Hundreds of demonstrators staged protests and "die-ins" outside New York's Barclays Center Monday night ahead of the Brooklyn Nets-Cleveland Cavaliers NBA game. Protesters walked through traffic and sprawled flat in the streets to denounce racism and the deaths of Eric Garner and Michael Brown, both black men who died at the hands of white police officers this year.

The event coincided with Britain's Prince William and Kate Middleton's appearance at the game, inspiring the hashtag #royalshutdown. Inside the rusty, oval-shaped Barclays stadium, Cavs star LeBron James and many Nets players wore black T-shirts with "I can't breathe" written across the chest -- the last words uttered by Garner as a Staten Island policeman strangled him in a choke hold.

"Oxygen is the most basic, fundamental human right … and the blatant disrespect of that right is disgusting. People need to be mobilized around this," said Melissa Fernandez, 43, who was holding up a cardboard poster that read, "Our Lives Matter."

RoyalShutdown Protest2 Melissa Fernandez holds up a sign that reads, "Our Lives Matter." The 43-year-old New Yorker said she has tried to attend a protest or rally every day since Dec. 3, when a New York grand jury voted not to indict Daniel Pantaleo, the white police officer who choked Eric Garner to death. Photo: Maria Gallucci

Fernandez said she has tried to participate in protests every day since last Wednesday when a New York grand jury voted not to indict Daniel Pantaleo, the officer who choked Garner. A separate grand jury decision not to indict officer Darren Wilson, the police officer in Ferguson, Missouri, who shot Michael Brown in August, fueled violent protests around St. Louis in recent weeks.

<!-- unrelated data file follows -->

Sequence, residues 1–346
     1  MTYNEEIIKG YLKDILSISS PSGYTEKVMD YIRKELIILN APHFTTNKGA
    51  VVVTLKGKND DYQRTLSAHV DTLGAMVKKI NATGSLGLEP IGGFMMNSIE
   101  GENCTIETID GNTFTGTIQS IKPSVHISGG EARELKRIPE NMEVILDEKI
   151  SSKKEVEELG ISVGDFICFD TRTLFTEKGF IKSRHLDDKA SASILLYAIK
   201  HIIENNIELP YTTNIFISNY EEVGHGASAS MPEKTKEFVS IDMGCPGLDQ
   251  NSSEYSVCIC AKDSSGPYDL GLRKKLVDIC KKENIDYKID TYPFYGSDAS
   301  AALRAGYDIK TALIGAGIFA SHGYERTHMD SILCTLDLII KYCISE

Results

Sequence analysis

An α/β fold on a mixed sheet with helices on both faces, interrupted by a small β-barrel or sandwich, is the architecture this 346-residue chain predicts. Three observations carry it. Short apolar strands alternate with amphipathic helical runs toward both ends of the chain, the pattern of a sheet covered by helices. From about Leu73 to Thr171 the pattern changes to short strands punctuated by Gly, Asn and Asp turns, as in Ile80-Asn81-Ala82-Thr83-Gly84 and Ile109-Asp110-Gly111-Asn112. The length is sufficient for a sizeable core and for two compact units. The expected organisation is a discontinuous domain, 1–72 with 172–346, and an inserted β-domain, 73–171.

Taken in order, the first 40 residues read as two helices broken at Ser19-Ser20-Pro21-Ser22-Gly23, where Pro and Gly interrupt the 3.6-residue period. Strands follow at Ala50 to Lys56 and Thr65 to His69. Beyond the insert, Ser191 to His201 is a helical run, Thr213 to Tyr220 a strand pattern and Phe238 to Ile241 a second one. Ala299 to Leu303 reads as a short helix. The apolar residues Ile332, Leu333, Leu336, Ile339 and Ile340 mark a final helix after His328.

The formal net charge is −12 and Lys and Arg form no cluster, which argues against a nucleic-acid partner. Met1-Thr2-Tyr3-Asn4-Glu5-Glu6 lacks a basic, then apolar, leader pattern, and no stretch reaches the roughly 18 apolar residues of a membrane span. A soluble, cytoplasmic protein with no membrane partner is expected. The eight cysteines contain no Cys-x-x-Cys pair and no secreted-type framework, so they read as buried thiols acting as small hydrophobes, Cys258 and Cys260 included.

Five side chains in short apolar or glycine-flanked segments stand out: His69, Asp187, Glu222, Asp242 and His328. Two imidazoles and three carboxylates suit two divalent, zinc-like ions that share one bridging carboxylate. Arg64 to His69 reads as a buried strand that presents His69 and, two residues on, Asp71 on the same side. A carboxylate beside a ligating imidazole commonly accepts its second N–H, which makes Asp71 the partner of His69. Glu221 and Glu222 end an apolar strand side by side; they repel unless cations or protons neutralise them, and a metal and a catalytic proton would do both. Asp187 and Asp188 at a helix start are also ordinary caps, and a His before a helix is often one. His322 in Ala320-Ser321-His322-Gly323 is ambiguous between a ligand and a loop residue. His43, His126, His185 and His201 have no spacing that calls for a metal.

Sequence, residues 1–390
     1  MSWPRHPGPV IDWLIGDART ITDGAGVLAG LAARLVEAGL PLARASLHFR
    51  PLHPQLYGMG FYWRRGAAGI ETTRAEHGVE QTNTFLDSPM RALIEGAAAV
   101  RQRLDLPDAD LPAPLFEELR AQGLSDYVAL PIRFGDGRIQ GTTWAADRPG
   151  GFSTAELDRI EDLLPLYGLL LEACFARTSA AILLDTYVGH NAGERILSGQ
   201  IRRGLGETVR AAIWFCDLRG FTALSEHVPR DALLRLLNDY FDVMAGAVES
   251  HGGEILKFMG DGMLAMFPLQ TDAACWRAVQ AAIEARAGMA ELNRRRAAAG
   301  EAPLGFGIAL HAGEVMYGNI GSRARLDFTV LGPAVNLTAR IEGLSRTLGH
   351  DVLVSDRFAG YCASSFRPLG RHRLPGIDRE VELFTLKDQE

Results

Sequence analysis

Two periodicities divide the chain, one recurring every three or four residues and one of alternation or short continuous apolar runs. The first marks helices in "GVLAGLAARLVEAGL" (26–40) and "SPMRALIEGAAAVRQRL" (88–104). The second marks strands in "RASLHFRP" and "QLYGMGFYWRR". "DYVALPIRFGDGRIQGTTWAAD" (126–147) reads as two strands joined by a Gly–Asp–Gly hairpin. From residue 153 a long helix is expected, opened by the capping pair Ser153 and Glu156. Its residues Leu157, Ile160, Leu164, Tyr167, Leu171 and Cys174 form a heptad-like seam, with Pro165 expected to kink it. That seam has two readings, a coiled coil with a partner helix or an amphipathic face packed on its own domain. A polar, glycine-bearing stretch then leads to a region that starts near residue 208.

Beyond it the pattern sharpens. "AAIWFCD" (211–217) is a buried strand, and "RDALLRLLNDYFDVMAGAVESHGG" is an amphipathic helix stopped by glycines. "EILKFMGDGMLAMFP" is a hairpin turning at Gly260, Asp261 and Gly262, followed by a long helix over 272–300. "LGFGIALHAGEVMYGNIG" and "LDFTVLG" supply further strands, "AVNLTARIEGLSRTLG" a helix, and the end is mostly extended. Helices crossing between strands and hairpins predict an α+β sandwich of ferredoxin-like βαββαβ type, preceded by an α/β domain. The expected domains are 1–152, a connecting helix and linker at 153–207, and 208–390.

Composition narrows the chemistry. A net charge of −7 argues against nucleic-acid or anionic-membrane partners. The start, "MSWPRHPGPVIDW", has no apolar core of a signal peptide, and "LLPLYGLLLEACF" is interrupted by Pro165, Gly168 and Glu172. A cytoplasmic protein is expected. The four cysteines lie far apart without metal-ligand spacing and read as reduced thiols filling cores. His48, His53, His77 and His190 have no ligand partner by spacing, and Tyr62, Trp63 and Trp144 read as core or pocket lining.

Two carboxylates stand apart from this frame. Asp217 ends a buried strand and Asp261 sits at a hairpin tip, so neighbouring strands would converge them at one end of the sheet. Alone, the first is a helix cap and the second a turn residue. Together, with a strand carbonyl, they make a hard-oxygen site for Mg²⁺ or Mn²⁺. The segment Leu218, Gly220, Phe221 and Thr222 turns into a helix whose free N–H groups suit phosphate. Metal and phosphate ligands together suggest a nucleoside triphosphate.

"The more days that we're out from the non-indictments, the more important it is that we're still rallying," Fernandez said. "People think that it's going to die out, that it's just going to be part of the phase of people's outrage, and then it peters out. It's important we remain visible."

Protesters began the frigid evening outside the Barclays' main entrance, chanting and holding signs that accused the New York police of racist practices and decried the lack of justice in the Garner and Brown cases. Officers in blue and black jackets quietly observed from the sidelines of the triangular plaza, their holstered guns visible around their waists. Ticketholders walked around the crowd to enter the arena, with some grumbling about the inconvenience.

At one point, demonstrators lay on the ground, their bodies stiff and mostly motionless. They rose after 10 minutes and lifted their arms, shouting "Hands up! Don't shoot!" in tribute to Brown, who was unarmed when Wilson shot him seven times. The group later walked into traffic down Pacific Avenue, blocking honking cars as protesters circled around an intersection. A second die-in stopped traffic along the adjacent Atlantic Avenue until police ushered the crowd back onto the sidewalk.

Talal Ahmed, who is studying journalism in St. Louis, said he flew to New York to cover and attend the protests. "It's important to me because I'm a young black male in America. I am Michael Brown. I am Eric Garner," the 30-year-old said. At the same time, he added, "It's also important for us to not marginalize and say, 'Oh, that's a Ferguson issue. This is a New York issue.' We need to come together and help each other, because there's strength in numbers."

RoyalShutdown Protest3 Protesters outside Brooklyn's Barclays Center poured into the streets, briefly blocking traffic as they circled around an intersection and staged a "die-in" along Atlantic Avenue. Photo: Maria Gallucci